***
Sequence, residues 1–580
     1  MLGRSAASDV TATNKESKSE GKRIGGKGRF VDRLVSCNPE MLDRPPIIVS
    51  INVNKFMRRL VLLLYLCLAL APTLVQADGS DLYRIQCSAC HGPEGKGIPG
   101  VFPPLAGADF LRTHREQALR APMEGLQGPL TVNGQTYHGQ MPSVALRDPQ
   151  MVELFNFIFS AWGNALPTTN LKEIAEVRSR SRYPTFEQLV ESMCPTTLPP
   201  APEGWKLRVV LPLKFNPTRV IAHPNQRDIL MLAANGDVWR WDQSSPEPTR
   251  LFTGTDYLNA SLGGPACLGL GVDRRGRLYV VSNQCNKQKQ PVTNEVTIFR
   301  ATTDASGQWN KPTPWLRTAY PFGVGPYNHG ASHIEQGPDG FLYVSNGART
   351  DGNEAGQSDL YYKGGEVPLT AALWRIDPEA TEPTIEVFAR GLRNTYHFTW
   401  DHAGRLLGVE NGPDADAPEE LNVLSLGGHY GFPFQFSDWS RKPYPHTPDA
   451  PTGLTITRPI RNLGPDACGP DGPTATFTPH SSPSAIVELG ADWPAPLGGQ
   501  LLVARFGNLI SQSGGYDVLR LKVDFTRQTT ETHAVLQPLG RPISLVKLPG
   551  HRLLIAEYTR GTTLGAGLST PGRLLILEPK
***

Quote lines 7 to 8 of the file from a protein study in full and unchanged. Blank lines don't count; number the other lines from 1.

   251  LFTGTDYLNA SLGGPACLGL GVDRRGRLYV VSNQCNKQKQ PVTNEVTIFR
   301  ATTDASGQWN KPTPWLRTAY PFGVGPYNHG ASHIEQGPDG FLYVSNGART